It might happen to have some lost links from now and then or a broken page due to some crawling issue or something similar. Yet, when your broken pages and links form up a figure just as big as your phone number, then you might be facing a problem; in terms of site user experience and organic traffic as well. Your bounce rate will increase, your overall usability, you will be loosing links and therefore you will start asking yourself “why did my organic traffic drop”?
We are in the SEO industry for a while now, wearing many hats: digital marketers, tool developers, advisers, researchers, copywriters, etc. But first of all, we are, just like you, site owners. And we’ve been through ups and downs regarding organic traffic, and we were in the situation of trying to understand why the Google traffic dropped dramatically at some point as well. Having all these in mind, we’ve thought of easing your work, and we’ve put together a list with the top 16 reasons that can cause sudden traffic drop, unrelated to Google algorithm changes or penalties.
Keywords research is a very important process for search engine optimization as it can tell you the exact phrases people are using to search on Google. Whenever you write a new blog post, you have to check the most popular keywords, but don’t be obsessed by the search volume. Sometimes, long tail keywords are more valuable, and you can rank for them more easily.
I am so glad you used those tips and obviously have great results from it. It is all about creativity, I guess. If you think of a new and fresh way of generating traffic, that not too many bloggers are using already, you are on a roll. And Flickr was one of those that were not over saturated with bloggers searching for traffic. Thanks for the feedback and can't see the results with new strategies :)
Like I said at the beginning, building organic traffic is hard. Anything that promises a shortcut to an avalanche of traffic will more than likely lead to a penalty down the road. Embrace the daily grind of creating great content that helps users and provides a solution to what they’re looking for. In the end that will drive more organic traffic than any shortcut ever will.
Forums are probably one of the least effective forms of free traffic, but it all depends on the forum. You’re looking for large, active communities where you can carve out a bit of a reputation for yourself. Sure, you can dominate a small forum, but the returns won’t be worth it. Conversely, too large a site and you may have trouble attracting attention at all. It’s a hard balance to strike.
The following example shows a Client who receives 55% of their website traffic from Organic Search – typically this is a strong performance, but again this will vary greatly based on paid search. More important than the % is the number of sessions itself – this tells us how many visits (note: not unique visitors) we received through this channel. In this example, we have 7486 visits in 1 month that all came from organic searches.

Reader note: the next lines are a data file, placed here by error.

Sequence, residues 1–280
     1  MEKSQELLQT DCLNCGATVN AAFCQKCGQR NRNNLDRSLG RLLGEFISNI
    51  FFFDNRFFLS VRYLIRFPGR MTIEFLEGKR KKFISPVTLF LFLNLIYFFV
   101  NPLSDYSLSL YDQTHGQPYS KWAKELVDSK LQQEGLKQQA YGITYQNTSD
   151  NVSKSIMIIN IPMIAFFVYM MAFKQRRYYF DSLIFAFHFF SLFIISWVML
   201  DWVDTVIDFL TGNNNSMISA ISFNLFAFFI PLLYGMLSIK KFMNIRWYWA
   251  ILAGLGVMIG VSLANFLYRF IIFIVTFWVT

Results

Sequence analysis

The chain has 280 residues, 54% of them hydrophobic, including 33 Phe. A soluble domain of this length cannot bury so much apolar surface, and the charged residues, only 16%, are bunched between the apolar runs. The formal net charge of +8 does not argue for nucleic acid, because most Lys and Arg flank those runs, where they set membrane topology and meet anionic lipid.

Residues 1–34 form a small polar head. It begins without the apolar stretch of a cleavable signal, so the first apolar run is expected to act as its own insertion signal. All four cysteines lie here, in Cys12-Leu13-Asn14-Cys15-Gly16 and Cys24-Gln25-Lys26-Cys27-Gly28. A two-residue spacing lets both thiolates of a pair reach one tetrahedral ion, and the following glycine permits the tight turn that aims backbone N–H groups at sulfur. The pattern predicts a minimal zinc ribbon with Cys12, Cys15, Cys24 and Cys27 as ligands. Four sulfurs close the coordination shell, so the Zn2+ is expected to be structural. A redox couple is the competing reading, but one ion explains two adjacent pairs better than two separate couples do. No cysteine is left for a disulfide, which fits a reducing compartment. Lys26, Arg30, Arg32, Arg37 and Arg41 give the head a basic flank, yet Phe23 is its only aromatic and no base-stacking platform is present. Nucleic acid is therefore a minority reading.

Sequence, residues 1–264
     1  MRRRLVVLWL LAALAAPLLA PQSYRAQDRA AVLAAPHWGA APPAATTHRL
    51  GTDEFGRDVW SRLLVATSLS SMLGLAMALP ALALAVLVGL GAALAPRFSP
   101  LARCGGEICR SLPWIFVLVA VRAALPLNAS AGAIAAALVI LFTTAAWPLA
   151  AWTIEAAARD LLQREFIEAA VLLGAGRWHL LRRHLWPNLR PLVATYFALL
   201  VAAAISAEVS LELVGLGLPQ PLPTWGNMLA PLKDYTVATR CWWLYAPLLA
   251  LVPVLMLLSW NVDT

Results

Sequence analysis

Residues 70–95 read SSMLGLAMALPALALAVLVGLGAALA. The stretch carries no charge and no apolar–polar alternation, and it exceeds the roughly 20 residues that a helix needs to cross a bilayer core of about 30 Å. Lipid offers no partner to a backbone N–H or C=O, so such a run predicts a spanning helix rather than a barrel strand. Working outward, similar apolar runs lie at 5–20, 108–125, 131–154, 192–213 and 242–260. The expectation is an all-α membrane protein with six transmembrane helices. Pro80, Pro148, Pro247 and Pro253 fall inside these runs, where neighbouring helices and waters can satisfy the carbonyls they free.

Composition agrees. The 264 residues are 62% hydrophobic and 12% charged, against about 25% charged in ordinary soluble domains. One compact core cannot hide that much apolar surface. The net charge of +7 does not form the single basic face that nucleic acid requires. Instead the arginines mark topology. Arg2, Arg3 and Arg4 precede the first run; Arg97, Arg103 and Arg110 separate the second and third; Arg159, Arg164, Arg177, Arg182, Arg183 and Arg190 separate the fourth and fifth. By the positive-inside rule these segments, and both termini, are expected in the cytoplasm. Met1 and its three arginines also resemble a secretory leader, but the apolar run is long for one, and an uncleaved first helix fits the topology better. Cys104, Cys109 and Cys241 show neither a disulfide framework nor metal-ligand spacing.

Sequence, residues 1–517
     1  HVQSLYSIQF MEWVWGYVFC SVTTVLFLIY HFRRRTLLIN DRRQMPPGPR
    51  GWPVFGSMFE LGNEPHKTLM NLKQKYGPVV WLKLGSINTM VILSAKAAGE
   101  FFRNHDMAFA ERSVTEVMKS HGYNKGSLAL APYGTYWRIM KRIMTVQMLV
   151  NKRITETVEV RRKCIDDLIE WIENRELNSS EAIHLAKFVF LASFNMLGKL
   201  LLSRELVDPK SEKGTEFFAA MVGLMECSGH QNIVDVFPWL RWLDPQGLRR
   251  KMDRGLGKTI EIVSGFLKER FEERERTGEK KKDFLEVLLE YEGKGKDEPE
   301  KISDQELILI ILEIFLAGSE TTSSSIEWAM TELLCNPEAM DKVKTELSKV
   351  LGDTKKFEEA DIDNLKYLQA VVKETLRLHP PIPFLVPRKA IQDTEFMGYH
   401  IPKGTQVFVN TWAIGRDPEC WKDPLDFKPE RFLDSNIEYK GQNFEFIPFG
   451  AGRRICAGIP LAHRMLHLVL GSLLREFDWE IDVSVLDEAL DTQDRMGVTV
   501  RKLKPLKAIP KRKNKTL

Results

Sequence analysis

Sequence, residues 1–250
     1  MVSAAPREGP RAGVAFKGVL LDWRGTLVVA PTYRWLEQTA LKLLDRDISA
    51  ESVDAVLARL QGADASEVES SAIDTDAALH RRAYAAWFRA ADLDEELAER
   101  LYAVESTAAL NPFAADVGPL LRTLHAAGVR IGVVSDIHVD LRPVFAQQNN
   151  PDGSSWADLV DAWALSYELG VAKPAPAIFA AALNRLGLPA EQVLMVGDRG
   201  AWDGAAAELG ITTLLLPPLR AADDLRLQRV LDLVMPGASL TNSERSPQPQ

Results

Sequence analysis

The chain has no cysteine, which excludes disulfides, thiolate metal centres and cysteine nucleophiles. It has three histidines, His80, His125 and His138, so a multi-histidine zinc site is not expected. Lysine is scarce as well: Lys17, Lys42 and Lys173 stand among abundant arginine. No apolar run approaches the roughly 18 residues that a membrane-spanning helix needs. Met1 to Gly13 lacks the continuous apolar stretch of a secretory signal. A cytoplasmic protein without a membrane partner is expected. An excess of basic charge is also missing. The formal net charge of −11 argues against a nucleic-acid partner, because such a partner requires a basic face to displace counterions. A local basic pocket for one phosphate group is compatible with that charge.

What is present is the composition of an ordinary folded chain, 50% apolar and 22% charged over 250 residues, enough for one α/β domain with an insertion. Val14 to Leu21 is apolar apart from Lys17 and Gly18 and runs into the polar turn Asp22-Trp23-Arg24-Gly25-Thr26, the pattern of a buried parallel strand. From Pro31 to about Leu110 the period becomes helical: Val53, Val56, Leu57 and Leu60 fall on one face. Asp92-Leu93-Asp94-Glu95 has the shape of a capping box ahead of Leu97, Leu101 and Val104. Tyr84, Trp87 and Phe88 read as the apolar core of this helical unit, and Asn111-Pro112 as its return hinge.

Direct traffic can encompass a wide range of sources, including those you would have liked to have tracked in analytics. A drop in traffic from a particular source does not necessarily mean a drop in traffic. It could indicate a case in which that source ended up being categorized under Direct traffic. The best advice is - proactively use tracking parameters in cases where you may be risking not properly seeing traffic. There is actually a nice infographic showing the main factors impacting traffic. I use it sometimes to solve the current issues. Taking the right steps to address potentially miscategorized traffic, as well as being upfront with clients about the causes, can help to mitigate problems.
The moral of this story is that everything is contextual. And this applies to everyday happenings and to your online marketing, traffic sources, and conversion rates as well. It happens that what looks like an opportunity to be actually a setback and vice-versa. We all make changes within our sites with the purpose of having tons of traffic. We are in a continuous race for inbound links, domain authority, technical SEO, diagnosing traffic drops, search volume, keyword research and we forget to take a few steps back and see how all of these influence our overall site’s performance. We’ve documented the ranking drop issue in an earlier post as well and you can take a look at it as well to better understand this phenomenon.
Recent studies have found that upwards of 80% of consumers’ outbound sharing from publishers’ and marketers’ websites now occurs via these private channels. In terms of numbers of active users, messaging apps are outpacing social networking apps. All the activity driven by these thriving platforms is typically bucketed as direct traffic by web analytics software.
Direct traffic is defined as visits with no referring website. When a visitor follows a link from one website to another, the site of origin is considered the referrer. These sites can be search engines, social media, blogs, or other websites that have links to other websites. Direct traffic categorizes visits that do not come from a referring URL.